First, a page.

It's creepy. But also kind of good?
It depicts a college student who is an extreme Drake fanboy.
"Drake is the greatest artist of our generation," the main character says in the frantic monologue that runs throughout the black-and-white film. "When I listen to Drake he makes my days go from zero to 100 real quick. And if I have a son, I’m going to name him Drake.
"Drake is like the Lena Dunham of the rap game," he adds. "He's the voice of a generation."
Lyrics to Drake songs are also sprinkled throughout the film.
The student's first sign of madness creeps in when the iPod he's listening to Drake on dies in the middle of Washington Square Park, and he hallucinates voices questioning his love of Drake ("Drake thinks you're soft. Drake didn't come to your bar mitzvah") — until he is rescued by his "backup DrakePod."
Ultimately, he decides to spare Drake another blow like the one from his "terribly underwhelming" Coachella performance, and "end his career on a high note."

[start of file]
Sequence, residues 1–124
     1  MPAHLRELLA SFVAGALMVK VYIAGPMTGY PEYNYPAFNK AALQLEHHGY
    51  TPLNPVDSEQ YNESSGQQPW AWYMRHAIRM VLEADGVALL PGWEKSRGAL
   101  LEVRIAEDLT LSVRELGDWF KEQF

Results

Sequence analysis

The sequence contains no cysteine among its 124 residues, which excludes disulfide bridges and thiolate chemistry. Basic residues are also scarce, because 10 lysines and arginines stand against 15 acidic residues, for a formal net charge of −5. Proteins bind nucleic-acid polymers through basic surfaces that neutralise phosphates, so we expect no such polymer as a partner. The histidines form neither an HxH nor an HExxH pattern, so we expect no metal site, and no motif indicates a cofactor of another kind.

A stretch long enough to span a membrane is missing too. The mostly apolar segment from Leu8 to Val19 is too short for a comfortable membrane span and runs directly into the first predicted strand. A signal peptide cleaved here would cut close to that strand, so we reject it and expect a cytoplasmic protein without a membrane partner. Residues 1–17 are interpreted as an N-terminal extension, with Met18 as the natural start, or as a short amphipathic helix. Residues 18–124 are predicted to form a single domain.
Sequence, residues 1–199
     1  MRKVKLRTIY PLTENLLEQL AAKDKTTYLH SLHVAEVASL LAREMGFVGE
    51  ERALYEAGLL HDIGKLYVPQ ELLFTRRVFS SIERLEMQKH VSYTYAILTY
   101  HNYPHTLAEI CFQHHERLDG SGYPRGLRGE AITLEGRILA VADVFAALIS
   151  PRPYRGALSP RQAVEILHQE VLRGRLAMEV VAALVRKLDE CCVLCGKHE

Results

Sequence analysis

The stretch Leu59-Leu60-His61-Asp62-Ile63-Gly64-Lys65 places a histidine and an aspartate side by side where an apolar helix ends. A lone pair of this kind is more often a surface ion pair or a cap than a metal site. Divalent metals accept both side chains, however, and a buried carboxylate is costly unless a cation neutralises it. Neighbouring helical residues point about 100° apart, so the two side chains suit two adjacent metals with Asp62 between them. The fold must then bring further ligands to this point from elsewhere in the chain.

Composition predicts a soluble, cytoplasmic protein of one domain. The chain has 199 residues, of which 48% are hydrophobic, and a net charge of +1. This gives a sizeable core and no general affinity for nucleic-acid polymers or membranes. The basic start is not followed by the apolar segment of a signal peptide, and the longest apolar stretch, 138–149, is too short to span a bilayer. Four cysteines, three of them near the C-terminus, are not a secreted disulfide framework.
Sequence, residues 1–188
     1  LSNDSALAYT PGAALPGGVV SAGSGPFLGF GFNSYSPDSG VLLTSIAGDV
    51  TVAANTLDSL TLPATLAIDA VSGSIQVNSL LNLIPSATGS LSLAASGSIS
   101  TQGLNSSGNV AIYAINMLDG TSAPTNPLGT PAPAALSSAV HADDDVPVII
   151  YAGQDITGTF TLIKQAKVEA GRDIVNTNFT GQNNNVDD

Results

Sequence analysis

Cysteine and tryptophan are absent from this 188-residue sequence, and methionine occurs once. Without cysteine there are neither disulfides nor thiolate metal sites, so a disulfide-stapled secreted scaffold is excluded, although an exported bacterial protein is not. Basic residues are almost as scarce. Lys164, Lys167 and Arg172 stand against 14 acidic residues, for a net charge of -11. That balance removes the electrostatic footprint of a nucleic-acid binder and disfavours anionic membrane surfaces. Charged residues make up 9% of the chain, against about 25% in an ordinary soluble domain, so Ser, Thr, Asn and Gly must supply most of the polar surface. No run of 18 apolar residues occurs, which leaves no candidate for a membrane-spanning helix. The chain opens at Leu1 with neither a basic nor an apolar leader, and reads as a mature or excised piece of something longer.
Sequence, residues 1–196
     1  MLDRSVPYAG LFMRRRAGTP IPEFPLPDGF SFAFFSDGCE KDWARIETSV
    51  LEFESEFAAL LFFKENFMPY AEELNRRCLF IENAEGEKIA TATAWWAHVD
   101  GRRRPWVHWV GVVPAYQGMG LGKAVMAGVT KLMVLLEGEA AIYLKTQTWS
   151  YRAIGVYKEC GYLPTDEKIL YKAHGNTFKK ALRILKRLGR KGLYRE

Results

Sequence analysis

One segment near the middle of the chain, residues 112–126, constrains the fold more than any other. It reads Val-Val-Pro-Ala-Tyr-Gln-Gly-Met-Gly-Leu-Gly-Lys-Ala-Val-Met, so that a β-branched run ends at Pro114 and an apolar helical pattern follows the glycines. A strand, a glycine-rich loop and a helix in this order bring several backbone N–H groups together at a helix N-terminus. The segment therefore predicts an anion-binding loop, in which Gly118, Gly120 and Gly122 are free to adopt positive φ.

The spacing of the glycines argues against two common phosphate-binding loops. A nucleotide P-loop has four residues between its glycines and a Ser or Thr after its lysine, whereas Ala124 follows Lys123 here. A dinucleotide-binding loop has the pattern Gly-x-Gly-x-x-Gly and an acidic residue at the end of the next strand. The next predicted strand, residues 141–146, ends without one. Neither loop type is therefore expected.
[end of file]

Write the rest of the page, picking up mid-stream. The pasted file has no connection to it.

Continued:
"I think Drake’s latest album was his greatest," the voiceover declares. "The perfect note to end on."
Cole told the FADER the film went over well when he screened it at school, much to his surprise — "because I wasn't sure how accessible the film would be to people who either don't know or don't care about Drake," he said.
(Or who aren't murderers?)
"I haven't actually got a grade yet," he told the FADER. "After screening it, though, my professor thought it was really entertaining, and appreciated the work."
Glad to hear it, Chris. Sorry Drake missed your Bar Mitzvah.